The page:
The Media Trust and The Sun have joined together to launch this year’s Column Idol competition,.
The contest, now in its second year, is open to 18 to 25 year olds. Six shortlisted entrants will have the opportunity to be mentored by journalists from the Sun newspaper and the overall winner will then be given the chance to have their column printed in the tabloid.
Columnist Suzanne Moore’s career has has taken her, somewhat improbably, from Marxism Today to the Mail on Sunday, via the Guardian, the Independent, the New Statesman, a stab at politics. This weekend gone Moore began writing for the Guardian anew. On Friday she was in Bristol to deliver the annual Benn Lecture.
I never applied to be a newspaper columnist, there’s no job application form, and it certainly wasn’t the family business … I’d always liked reading, but I came from the sort of family where it was seen as a sign of depression.
Balding complained that a reference to her in the article as a “dyke on a bike” was a pejorative reference to her sexuality, irrelevant to the programme and a breach of Clause 12 (discrimination) of the Editors’ Code of Practice.
The newspaper had defended its columnist on grounds of freedom of expression and said the word “dyke” had been reclaimed as “an empowering, not offensive, term” by two “Dykes on Bikes” organisations. But the PCC said in this case the term was used in a “demeaning” way.
In this case, the commission considered that the use of the word “dyke” in the article – whether or not it was intended to be humorous – was a pejorative synonym relating to the complainant’s sexuality. The context was not that the reviewer was seeking positively to “reclaim” the term, but rather to use it to refer to the complainant’s sexuality in a demeaning and gratuitous way. This was an editorial lapse which represented a breach of the Code, and the newspaper should have apologised at the first possible opportunity.
Environmental campaigner and journalist George Monbiot vents his anger with the Spectator on Guardian.co.uk today. It’s the latest update to a saga in which the Spectator and the Guardian columnist dispute the facts over a proposed debate between climate change denier Ian Plimer and Monbiot.
It has never taken place but both sides disagree as to why. Spectator editor Fraser Nelson declares the publication of Monbiot’s correspondence with the Spectator on Monbiot.com ‘an act of desperation’. Today Monbiot retorts that he is glad he did publish the emails in full:
“Among other accusations, he [Fraser] maintains that I spiked the debate the magazine was hoping to organise between myself and Ian Plimer. This is the opposite of the truth. It was the Spectator that spiked the debate.”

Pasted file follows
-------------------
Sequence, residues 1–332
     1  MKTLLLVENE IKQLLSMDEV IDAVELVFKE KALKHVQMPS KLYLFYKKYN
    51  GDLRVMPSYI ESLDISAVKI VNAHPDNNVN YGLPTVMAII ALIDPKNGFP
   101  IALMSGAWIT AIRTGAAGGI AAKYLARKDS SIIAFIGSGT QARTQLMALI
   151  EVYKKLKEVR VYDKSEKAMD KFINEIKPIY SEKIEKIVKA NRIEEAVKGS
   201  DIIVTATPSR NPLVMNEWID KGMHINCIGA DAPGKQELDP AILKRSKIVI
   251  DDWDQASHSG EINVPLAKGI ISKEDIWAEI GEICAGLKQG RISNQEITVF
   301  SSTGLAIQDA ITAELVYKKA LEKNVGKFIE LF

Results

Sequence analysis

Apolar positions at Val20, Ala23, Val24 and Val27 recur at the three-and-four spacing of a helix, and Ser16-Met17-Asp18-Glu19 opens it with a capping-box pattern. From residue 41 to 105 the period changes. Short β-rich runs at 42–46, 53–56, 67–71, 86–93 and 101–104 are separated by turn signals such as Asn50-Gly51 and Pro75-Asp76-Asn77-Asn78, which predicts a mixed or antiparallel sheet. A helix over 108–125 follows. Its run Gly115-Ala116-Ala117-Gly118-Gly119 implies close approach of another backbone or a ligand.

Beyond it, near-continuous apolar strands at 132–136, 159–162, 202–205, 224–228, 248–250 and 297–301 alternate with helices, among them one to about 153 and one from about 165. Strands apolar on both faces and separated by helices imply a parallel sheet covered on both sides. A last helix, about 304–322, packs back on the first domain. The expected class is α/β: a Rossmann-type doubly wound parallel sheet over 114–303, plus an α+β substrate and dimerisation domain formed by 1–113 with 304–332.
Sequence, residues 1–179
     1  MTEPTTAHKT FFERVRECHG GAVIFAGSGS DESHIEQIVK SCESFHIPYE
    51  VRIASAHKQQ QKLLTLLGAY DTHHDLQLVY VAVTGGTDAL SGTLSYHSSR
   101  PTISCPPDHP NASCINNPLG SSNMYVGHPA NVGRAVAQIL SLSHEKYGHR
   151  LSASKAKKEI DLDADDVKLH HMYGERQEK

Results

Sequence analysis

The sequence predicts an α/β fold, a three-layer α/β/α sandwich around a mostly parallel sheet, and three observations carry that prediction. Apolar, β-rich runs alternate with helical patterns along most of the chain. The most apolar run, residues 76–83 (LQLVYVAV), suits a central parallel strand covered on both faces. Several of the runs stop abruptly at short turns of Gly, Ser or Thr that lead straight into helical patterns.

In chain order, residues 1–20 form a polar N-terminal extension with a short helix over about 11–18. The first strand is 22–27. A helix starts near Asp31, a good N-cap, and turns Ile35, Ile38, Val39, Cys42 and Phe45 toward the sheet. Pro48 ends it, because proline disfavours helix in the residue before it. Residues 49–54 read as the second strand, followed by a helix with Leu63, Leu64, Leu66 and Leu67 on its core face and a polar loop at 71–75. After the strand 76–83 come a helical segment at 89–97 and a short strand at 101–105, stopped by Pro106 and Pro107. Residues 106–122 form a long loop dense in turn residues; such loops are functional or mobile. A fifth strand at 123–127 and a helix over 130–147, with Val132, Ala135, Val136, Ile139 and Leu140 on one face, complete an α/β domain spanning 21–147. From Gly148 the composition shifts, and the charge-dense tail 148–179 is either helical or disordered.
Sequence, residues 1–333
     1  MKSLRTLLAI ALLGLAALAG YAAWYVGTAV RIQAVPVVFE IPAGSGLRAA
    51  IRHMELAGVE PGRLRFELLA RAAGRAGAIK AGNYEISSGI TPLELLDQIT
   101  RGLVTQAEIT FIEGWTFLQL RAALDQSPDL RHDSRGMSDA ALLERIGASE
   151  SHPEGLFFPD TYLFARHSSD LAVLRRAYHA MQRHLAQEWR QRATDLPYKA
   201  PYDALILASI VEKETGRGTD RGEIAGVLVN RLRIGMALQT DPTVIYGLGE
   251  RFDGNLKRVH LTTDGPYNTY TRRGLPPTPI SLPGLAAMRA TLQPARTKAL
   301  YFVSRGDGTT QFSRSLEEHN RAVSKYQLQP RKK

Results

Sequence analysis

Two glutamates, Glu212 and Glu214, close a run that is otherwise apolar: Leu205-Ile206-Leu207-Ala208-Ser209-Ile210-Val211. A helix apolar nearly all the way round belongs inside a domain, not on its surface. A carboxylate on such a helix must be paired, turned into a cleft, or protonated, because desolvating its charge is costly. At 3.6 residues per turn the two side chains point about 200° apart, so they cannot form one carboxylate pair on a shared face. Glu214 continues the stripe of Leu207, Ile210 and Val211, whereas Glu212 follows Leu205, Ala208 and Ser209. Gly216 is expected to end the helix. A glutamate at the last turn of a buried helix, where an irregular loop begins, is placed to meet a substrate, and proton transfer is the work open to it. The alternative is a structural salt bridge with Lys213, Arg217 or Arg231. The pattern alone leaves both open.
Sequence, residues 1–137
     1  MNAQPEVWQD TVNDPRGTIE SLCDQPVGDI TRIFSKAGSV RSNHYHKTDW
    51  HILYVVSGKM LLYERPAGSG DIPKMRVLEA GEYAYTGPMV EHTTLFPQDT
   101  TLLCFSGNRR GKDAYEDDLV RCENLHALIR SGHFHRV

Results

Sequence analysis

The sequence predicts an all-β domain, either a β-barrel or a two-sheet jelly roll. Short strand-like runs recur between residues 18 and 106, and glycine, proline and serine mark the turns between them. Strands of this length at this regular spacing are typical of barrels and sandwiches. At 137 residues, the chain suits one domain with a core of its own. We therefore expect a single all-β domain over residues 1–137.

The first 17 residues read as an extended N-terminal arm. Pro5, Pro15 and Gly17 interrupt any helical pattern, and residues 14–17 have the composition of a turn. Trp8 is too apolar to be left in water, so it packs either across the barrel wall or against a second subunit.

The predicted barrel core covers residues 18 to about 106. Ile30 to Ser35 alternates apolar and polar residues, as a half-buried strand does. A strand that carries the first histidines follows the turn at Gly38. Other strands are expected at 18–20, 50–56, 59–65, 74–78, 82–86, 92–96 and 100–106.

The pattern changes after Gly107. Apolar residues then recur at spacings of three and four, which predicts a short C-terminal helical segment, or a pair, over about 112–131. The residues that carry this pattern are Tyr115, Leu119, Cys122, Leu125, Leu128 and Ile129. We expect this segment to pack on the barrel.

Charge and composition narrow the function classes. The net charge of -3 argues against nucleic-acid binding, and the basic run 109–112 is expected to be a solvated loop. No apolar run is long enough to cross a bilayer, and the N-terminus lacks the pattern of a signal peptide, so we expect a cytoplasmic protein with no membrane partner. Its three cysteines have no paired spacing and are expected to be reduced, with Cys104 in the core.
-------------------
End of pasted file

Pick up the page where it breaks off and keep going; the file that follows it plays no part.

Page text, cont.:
“The Guardian has built this unrivalled team in the belief that environmental issues, and in particular global warming, is the defining issue of our age, combining politics, economics and social justice,” said James Randerson, editor of EnvironmentGuardian.co.uk, in a release from Guardian News & Media.
“We hope that all of the new features on the site – together with the enthusiastic participation of our visitors – will serve as an invaluable resource for anyone wanting to understand the context behind the headlines.”
Expert correspondents now include one in Washington DC, one in China and one dedicated to green technology, the release said.
A new video series featuring the Observer columnist Lucy Siegle
To mark the UN climate talks in Copenhagen in December, the foreign secretary David Miliband will answer users’ questions in a live online Q&A at lunchtime on Tuesday (September 8, 2009) – time to be confirmed. Rachat de voiture, vendre voiture moteur hs
Dear E. Jean: I’m currently homeless and living in a Wal-Mart parking lot. I’m educated, I have never done drugs, and I am not mentally ill. I have a strong employment history and am a career executive assistant. The instability sucks, but I’m rocking it as best as I can.
My question: How does one get another shot when one screws up a job interview? —Homeless, but Not Hopeless
And an extract from E.Jean’s reply:
“You knocked me out with your courage and spirit. I am therefore, Miss Not Hopeless, offering you a four-month internship. Of course it’s the most hideously humdrum internship in America. (…) At the end of the four months, if you don’t have a job and an awesome place to live, I will become your intern.”
Following Boris Johnson’s flippant comment about his ‘chicken feed’ column payment (a deal earning him £250,000 a year) Sarah Ditum takes a look at the Telegraph’s financial strategy:
“The Telegraph is in the perplexing position of having both made rather a lot of money last year, and then lost even more of it buying itself out of joint ventures. And from the outside, the newsroom looks similarly financially contrary: the Telegraph appears to have invented seven sports hacks to cover up a reliance on agency copy, and yet still have the money hanging around to spend a quarter of a million hiring Boris Johnson as a columnist.”
Maybe, she ponders, for the Telegraph to agree to that kind of money, he does add ‘galactic levels of value to a masthead’.
Stephen Grey, investigative journalist embedded with British troops in Helmand and author: ‘Operation Snakebite: The Explosive True Story of an Afghan Desert Siege’, and ‘Ghost Plane: The True Story of the CIA Torture Program’.
Guy Smallman, photojournalist, recently returned from Helmand.
The Telegraph’s Peter Foster writes: “In an article headlined ‘Who is spinning the propaganda?’, Patrick Whiteley, an Australian columnist for the paper [China Daily], attacks The Telegraph for ‘constantly labeling’ Chinese government initiatives as propaganda.”
“This is factually incorrect,” Foster responds. “When The Telegraph writes about Chinese health reforms or its plans to green the economy, as I have on this blog and in the pages of the newspaper, the word ‘propaganda’ is nowhere to be found.”